How long does it take to become a Nike Product Tester?
This won’t be instant. Being considered for a Nike testing program can take weeks or months, so be patient. In addition, you may or may not be the right candidate for a particular program, but perfect for the next one.
What happens when I’m eligible to be a product tester?
Once Nike decides that you’re qualified, you’ll be notified by e-mail to expect a package in the mail, which normally arrives within 7 to 10 business days.
Look out for a survey form or other instructions so you’re aware of these details:
- How long the testing period should be (worn daily, weekly, etc.)
- What kind of testing is required (for example: run an hour a day with those running shoes)
- How to send in feedback (mail survey form, visit a link to a contact page, etc.)
You can get free Nike shoes or apparel without paying a cent, but you have to follow the instructions listed exactly.
So if it says to test a new pair of sneakers with a twice-a-week 400-meter run for six months, you commit to it as much as you can.
Usually, you’ll then have to send the shoes back to Nike, which will analyze the shoes and use the feedback you provided to improve on the product before release.
You’re required to complete a survey and share anything you might have noticed during the testing period.
- Felt uncomfortable with the shape of running shoes you wore?
- Did the yoga pants felt kinda itchy?
- Was the shock-proof feature of those soccer shoes ineffective?
These things seem nit-picking, but Nike values every little detail and every little feedback you can give about those little details.
All testers approved will be given instructions, including deadlines, for each and every step, which you should definitely comply with if you want to be on the good side of Nike.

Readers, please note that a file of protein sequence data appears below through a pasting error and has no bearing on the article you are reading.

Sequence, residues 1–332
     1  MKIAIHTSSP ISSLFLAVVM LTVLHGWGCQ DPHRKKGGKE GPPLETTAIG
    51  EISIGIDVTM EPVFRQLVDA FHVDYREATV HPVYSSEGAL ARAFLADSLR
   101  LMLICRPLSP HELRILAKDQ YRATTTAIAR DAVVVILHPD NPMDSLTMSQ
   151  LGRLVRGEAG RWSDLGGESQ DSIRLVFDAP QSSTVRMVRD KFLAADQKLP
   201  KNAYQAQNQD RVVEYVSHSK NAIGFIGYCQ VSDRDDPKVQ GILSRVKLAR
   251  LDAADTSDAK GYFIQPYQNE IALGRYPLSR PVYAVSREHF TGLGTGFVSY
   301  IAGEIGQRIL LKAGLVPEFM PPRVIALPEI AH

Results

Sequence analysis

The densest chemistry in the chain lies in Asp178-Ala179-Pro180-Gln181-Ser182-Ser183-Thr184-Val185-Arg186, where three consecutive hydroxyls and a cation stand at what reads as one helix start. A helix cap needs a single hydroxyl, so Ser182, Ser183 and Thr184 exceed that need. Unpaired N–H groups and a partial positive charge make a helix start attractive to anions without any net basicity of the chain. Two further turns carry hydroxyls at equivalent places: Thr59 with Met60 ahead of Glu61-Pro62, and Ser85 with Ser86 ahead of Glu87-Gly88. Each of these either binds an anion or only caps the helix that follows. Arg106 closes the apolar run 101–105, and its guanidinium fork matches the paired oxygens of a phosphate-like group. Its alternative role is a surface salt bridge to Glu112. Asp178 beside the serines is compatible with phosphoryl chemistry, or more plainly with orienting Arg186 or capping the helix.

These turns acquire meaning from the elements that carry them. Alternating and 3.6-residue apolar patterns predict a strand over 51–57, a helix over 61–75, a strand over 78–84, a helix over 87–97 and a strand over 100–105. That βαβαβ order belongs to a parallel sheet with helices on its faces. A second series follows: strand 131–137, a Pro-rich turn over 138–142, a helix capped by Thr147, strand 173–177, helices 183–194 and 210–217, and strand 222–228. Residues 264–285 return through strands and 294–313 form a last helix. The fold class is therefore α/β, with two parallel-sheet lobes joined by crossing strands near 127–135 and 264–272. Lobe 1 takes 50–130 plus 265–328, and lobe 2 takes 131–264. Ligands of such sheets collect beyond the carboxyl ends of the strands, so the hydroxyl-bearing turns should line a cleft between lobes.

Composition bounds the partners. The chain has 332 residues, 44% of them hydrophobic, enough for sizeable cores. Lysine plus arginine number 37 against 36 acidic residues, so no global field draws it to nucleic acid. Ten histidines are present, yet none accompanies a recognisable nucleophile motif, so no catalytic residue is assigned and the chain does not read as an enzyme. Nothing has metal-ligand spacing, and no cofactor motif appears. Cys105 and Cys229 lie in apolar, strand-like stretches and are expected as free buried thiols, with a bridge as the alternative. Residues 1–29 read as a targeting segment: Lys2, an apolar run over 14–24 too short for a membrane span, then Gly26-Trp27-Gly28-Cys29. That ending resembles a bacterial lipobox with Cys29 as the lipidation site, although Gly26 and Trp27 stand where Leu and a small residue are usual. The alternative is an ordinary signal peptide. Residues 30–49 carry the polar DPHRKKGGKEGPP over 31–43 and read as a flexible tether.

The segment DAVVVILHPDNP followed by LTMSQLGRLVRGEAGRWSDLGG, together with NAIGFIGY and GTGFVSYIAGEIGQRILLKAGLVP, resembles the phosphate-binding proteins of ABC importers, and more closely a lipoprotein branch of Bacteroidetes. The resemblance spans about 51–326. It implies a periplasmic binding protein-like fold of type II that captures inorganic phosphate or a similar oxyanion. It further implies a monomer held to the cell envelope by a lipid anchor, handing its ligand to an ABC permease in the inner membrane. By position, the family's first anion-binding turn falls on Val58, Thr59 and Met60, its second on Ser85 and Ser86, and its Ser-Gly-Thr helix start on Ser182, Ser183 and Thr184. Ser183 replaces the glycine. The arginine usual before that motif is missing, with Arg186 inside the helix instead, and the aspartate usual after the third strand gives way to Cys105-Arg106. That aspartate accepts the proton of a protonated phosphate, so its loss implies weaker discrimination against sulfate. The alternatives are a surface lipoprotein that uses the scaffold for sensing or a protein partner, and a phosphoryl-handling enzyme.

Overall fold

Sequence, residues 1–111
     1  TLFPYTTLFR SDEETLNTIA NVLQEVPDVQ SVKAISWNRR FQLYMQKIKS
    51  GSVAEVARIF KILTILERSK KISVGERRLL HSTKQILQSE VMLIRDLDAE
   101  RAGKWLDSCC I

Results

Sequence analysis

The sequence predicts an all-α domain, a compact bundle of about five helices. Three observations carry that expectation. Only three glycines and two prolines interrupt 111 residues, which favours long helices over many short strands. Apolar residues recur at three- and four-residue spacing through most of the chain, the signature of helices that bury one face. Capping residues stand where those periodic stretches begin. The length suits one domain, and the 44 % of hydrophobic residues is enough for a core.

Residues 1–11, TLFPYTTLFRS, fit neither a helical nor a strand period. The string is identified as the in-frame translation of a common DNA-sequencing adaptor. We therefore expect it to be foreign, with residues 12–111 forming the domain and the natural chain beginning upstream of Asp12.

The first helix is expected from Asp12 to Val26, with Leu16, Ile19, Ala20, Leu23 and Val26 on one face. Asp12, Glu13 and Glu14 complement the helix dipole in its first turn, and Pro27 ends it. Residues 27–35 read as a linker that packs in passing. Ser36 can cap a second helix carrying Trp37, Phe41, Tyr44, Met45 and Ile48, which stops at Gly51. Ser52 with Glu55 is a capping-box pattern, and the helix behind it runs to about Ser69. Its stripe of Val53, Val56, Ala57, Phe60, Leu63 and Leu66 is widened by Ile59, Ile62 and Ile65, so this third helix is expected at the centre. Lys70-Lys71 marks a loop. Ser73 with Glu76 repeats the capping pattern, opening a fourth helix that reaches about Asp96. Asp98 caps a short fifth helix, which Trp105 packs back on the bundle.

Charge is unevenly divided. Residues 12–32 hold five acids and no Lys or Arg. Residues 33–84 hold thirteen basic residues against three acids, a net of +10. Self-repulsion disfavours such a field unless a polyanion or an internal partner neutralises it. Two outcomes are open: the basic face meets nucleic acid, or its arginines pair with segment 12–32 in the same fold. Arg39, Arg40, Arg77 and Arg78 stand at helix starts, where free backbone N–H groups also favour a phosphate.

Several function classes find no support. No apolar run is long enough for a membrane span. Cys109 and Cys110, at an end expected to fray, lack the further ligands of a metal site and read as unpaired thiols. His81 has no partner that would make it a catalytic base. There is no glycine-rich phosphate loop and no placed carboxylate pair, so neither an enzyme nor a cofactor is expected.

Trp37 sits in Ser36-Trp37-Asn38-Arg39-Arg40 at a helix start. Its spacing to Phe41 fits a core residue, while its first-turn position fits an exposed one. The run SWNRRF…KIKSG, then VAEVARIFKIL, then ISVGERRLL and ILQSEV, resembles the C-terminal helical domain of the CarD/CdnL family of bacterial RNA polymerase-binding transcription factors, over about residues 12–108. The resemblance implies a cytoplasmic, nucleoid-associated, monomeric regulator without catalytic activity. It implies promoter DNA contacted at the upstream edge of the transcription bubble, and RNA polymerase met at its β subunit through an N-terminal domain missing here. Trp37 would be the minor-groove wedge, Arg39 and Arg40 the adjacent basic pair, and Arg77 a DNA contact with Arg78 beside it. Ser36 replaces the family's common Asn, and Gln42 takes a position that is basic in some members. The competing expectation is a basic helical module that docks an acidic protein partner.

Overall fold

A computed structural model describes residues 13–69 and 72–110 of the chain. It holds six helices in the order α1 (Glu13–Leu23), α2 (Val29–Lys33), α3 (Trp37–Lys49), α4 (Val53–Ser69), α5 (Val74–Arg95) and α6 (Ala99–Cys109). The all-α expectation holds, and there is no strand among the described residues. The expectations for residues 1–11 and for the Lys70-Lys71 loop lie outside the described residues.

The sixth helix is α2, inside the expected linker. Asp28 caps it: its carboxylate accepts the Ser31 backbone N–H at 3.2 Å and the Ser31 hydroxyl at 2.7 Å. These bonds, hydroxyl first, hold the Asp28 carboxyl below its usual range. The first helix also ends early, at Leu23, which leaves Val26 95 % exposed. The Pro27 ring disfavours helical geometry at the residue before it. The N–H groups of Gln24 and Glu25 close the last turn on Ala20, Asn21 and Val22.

Additional rules that you need to comply with include not posting photos of the product or photos of you wearing the product on social media, complying with the confidentiality clause in your waiver, not wearing the product outside of the agreed testing period and activities, and not wearing the product when you experience pain or discomfort.
At the end of each year, Nike reviews the profiles of all its product testers and decide if your “performance” throughout the testing period is enough to have your status as product tester renewed or canceled.
Does Nike pay in cash?
If your goal is to find out how to get free Nike shoes, then you’ll probably still be excited about this opportunity.
However, those expecting cash, rewards, or any other kind of compensation through the Nike testing should be warned now: you won’t be paid.
You do get first dibs on Nike products, often even before they’re released in the market.
You also get free Nike shoes for several months or up to a year. That’s not bad, especially if you’re supposed to use it heavily during the testing period.
In some cases, testers aren’t even required to send back the Nike products, so you can consider them as payment for your commitment to helping out the company.
3 Companies That Do Pay Cash
If you’re interested in testing out other products, the following 3 sites will pay you, in cash, to give feedback on brands.
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- Toluna Influencers - Work directly with companies like Nike, Samsung, Amazon, and Disney to improve their product lines.
- Vindale Research - Answer questions about products, shape the future, get paid. Sign up and get a free cash bonus.
- SurveyJunkie - Get paid CASH to share your thoughts on some of the world's biggest brands.
The Bottom Line
I know this might be a letdown to those looking to earn money as a product tester, but you can’t deny that the Nike Product Testing program is a cool way to get free stuff, while helping out a brand you love improve their products.
In fact, Nike isn’t the only one doing this. Adidas, New Balance, and other sports brands have their respective product testing programs.
In fact, I’ve rounded up other companies that give away free shoes here.
Were you able to work with Nike and test out some new things? Let me know how it went in the comments below!